lil_hammerhead said...
This comment has been removed by the author.
lil_hammerhead said...

You can "how about" all day long 0962, if it's not done it's not done. Blame your lame ass legislators for that. The fact is, as much as I hate to see the feds take over, it's folks like you and the "what if" crowd that support the less than "what if" congressmen that continue to perpetuate our f#cked up system. So for you to assume that "we" can correct the problem is ASSANINE, as my grandmother used to say. If it hasn't been done by now, what makes you think it will be done. Those that have been treated like shit in our community need to be treated better NOW, and waiting for your "Locals on white horses" to come around is an unlikely wish. As much as I'm against federalization.. I pray the feds will do the RIGHT thing.

And say it 'til it bleeds out your ears.. you're a "PEDDLER OF SPIN" and a peddler of racist falsehoods.

The Writers said...

uhmm, that is if US Congress even cares right now, right? yoohoo, over here! Here! Yoohoo!

Envelop Ideas said...

Let's wait until this bill become a law (if ever). What's discussing here are just pure speculation.

lil_hammerhead said...

But the discussion, the discourse, will affect the final language of the bill. So, let's not just sit around and wait.

The Writers said...

speculations or not, a discourse or intercourse (whoa) is always welcome here. dont you find it soothing?

bradinthesand said...

first of all, as an answer to your email, i left the office on friday and hadn't replied to your comment YET.

it's not that i didn't wish to continue our conversation, but i have a lot going on fridays and over the weekend.

i hope you didn't feel "dissed" because i couldn't keep up with the back and forth yesterday afternoon.

i like hearing from you and dealing with topics that mean as much to the community.

as for your message back to me:

"Because it is harsh. In the US, a legal immigrant worker after a specific amount of time is eligible for a green card, and then is eligible for citizenship, that hasn't been the case here."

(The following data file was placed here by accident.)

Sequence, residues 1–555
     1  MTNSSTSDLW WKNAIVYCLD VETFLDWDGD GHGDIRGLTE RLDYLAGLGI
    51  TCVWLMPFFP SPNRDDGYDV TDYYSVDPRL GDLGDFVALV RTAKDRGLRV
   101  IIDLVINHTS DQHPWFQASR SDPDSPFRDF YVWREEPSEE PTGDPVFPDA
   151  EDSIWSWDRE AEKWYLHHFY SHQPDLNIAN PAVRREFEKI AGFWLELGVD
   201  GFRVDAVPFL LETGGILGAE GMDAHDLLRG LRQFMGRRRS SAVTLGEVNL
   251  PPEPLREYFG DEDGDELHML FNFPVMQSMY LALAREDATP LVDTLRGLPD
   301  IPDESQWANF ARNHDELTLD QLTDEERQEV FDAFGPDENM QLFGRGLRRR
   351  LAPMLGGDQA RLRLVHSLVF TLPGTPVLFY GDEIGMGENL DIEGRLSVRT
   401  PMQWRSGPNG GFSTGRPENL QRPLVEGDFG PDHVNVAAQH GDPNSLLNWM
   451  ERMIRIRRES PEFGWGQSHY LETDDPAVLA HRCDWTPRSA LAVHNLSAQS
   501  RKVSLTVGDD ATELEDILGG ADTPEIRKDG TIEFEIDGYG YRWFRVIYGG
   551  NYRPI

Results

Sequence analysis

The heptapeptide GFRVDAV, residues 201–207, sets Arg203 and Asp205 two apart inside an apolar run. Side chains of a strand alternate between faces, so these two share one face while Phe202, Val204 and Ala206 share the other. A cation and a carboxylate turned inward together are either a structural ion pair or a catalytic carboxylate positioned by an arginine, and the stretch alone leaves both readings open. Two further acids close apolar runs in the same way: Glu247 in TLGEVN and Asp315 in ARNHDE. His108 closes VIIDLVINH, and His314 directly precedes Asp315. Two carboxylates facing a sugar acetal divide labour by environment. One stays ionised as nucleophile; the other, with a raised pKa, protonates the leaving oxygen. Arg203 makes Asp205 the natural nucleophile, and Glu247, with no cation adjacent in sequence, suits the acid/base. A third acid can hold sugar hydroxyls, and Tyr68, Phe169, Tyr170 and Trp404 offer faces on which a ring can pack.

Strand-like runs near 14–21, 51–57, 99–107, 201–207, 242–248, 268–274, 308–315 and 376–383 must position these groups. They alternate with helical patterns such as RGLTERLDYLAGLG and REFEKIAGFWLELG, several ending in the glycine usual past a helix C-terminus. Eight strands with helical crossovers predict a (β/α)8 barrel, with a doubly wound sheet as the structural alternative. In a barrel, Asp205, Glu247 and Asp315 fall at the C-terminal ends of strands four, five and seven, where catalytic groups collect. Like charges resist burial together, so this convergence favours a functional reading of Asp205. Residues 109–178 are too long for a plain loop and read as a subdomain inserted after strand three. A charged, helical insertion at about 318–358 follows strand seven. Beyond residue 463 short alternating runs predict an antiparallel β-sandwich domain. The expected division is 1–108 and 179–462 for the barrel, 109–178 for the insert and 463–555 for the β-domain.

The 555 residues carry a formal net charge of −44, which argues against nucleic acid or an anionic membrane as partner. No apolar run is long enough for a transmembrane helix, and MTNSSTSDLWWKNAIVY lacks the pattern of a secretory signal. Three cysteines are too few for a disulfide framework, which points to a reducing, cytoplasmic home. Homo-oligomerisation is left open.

lil, that's great, but that was part of the deal for the legal immigrant workers going in. that was never the case here.

it's not an apples to apples comparison because of a number of things--including that the usa never welcomed these contract workers--the cnmi did.

the cnmi did so with certain guidelines--guidelines that the usa is now threatening to erase and rewrite well after the fact.

that seems a bit unjust (not that there haven't been injustices suffered by many of the guest workers, but i'm trying to limit this to the immigration issue).

like i said, it would be noble for the cnmi to offer residency to the longstanding off-island workforce and i would be all for it.

i just don't feel that the cnmi should have to.

granted, trying to block the federalization move just to keep people out is a "dick move," but i think it was also a dick move to go over the cnmi's proverbial head in a search of a change in status--especially since the usa wouldn't welcome the guest workers in the first place (back when this whole practice began).

by the guest workers going to the usa for the residency change, it's like having a friend of yours invite you to their house for a sleep over and then you going to his parents and asking to move in because you don't like your house...

...and then you bringing your family over.

now the usa (land that i love) is telling the cnmi that it will most likely lose control over its immigration and, as a result, render all of the guest worker contracts (more or less) invalid.

i think that's the shit end of the stick for the cnmi.